Well firstly Merry Christmas to all from us here at Mow-N-Blow and I trust you will all have a very merry one at that. At Christmas there is one flower that we all know and associate with Christmas. The Poinsettia named after Joel Poinsett a US Minister to Mexico who brought the plant to the US around the early 1800’s. You probably also know that the plant has a tale of folklore around a poor little Mexican girl who had only weeds to take to the local church celebration of Christ’s Birthday, and the legend goes that these weeds turned into beautiful red blooms over night and the tale was born.
You may not know that the French call the flower “Etoile D’amour”, the Love Star and that the Mexicans call it “Noche Buena” which means Christmas Eve. Mexican Friars have been using this plant for over 300 years at Christmas to depict the Star of Bethlehem due to the shape of the leaf, and that the flower is so popular in the US that there is a national Poinsettia Day on the 12th December.
Have a fantastic Christmas
One of my greatest joys in the garden is a pond, the sight of fish and the sound of running water are great but I also enjoy the plants that come with water gardening. The construction of whole habitat is something to be relished especially if you know how to get it right.
In winter though there are still maintenance issues, the leaves should be cleared from the pond by now and the plants cut back. Filters and pumps cleaned and maintained and either turned off for the winter or in tip-top shape to run right through, something Mow-N-Blow can always do for you.
A small football or piece of polystyrene placed on the surface does help to keep a clear patch of water when it freezes over but if you do have to break the ice don’t smash it, pour warm water on to the ice to create a hole. The sound of smashing ice can be very damaging to fish.
As an award winning aquatic gardener I’m only too happy to help with any questions you may have regarding your pond or water feature.
Following on with the theme from last week, garden waste is not just leaves, its all the arisings that we have collected all year and now sit in a corner of our garden. Perhaps the fire that was to be burnt is now sitting sodden and useless until next year when it’s finally dry again, perhaps the compost area is just a pile of green waste.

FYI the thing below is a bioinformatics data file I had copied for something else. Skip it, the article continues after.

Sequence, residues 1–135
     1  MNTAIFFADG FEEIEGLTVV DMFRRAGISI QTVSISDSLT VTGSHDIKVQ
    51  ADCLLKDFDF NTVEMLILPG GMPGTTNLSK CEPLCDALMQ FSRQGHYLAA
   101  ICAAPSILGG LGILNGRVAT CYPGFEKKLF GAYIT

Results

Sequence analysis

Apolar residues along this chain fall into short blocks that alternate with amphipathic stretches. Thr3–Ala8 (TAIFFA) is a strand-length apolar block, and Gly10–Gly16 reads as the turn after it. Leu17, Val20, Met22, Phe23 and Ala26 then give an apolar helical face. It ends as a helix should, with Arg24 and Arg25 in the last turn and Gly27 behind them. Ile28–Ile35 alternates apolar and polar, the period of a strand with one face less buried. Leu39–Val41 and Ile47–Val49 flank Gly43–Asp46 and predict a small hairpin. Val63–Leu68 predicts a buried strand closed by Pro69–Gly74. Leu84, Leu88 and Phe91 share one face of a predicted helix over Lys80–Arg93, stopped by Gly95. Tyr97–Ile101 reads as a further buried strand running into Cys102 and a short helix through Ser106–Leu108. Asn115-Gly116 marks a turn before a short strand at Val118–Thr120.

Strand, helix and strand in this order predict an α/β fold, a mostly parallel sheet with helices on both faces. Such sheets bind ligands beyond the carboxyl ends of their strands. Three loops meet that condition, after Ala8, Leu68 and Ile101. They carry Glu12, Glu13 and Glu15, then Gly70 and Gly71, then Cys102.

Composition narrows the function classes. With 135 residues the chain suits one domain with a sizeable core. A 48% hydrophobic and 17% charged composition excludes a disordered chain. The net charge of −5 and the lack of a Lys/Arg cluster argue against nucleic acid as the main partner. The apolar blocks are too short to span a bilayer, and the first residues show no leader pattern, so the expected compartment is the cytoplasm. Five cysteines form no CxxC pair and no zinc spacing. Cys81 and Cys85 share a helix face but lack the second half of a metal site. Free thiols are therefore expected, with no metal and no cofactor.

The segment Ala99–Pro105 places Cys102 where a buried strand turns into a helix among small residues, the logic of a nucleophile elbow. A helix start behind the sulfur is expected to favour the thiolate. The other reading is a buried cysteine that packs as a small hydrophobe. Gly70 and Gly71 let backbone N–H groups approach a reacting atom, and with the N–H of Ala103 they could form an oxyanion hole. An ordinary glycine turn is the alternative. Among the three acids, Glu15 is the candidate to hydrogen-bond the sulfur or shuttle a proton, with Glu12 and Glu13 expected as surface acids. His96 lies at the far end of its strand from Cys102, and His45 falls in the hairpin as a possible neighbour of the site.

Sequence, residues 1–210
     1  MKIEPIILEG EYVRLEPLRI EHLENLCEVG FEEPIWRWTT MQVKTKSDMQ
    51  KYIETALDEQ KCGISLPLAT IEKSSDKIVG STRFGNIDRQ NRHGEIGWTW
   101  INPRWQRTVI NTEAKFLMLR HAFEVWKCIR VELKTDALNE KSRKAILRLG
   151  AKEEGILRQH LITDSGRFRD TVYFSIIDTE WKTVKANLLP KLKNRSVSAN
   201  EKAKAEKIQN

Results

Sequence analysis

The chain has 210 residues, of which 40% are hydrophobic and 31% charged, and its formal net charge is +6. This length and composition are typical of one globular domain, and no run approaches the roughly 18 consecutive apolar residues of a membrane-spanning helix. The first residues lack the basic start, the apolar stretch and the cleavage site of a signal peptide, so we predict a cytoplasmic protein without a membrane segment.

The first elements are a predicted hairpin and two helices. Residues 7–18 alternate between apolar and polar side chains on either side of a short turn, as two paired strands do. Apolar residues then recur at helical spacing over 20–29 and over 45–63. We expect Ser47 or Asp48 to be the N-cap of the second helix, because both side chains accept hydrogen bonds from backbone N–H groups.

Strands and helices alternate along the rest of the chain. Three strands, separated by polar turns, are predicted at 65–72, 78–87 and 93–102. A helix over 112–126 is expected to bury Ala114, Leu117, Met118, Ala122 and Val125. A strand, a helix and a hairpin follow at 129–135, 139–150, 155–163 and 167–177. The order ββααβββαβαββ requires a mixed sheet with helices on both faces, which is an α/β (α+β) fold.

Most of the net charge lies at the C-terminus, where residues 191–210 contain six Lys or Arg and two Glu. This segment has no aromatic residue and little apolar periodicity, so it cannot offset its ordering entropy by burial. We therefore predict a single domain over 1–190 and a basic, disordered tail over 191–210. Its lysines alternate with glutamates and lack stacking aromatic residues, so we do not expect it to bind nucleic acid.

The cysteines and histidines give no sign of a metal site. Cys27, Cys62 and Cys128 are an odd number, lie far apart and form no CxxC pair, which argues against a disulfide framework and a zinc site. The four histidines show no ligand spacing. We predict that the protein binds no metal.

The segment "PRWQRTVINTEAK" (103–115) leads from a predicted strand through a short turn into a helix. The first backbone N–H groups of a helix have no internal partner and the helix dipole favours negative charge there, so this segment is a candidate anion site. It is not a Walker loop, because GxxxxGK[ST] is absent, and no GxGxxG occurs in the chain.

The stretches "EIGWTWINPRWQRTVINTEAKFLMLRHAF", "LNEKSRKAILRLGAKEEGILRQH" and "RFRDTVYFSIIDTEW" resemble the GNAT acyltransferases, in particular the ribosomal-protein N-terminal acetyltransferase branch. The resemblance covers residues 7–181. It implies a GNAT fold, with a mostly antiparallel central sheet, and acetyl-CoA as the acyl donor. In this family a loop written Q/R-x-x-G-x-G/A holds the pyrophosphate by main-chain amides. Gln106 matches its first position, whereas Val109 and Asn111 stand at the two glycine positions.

Well it’s a good time to sort this out, rent a chipper from the local tool hire company and turn your fire heap and mixed pile of rubbish into a good mulch for the beds, get some old pallets and build a new compost heap for the summer ahead. Although of course Mow-N-Bow can always do this for you.
During the year I have turned the compost heaps of grass mulch and other soft arisings for my clients at Mow-N-Blow and will give the heaps one last turn, and next to them get the leaf mulch heaps ready for their two year turn around, eventually going back on the beds for that little extra blanket before it gets really cold.
With all the horrible weather we have at this time of year it’s not hard to forget about our gardens, you know leave it ‘til later, when it’s nice again. And when there is a break in the weather actually we ‘d rather be doing all those things at this time of year, which keep us so busy. However there is work to be done and important work too to prepare for both next year and deepest winter.
With all the leaves collecting in corners it’s a very good time to think about garden waste, in particular leaf mulch. If you have the space for leaf mulch whether it’s a custom built space or just a few dustbin bags in a corner of the garden, you can prepare a great compost with very little effort.
For my clients at Mow-N-Blow this is certainly a time of year we earn our name as we are blowing all those leaves into heaps so my clients can get back to forgetting about the garden and do their Christmas shopping!
Christian Dupont has been involved in horticulture for over two decades now, lives near Alton with his wife. She is also a fully trained gardener and horticulturalist. Both are keen photographers as well as accomplished Horticulturalists. some articles are from the Life Mags but mainly for the Herald newspaper, bi-weekly column in the local business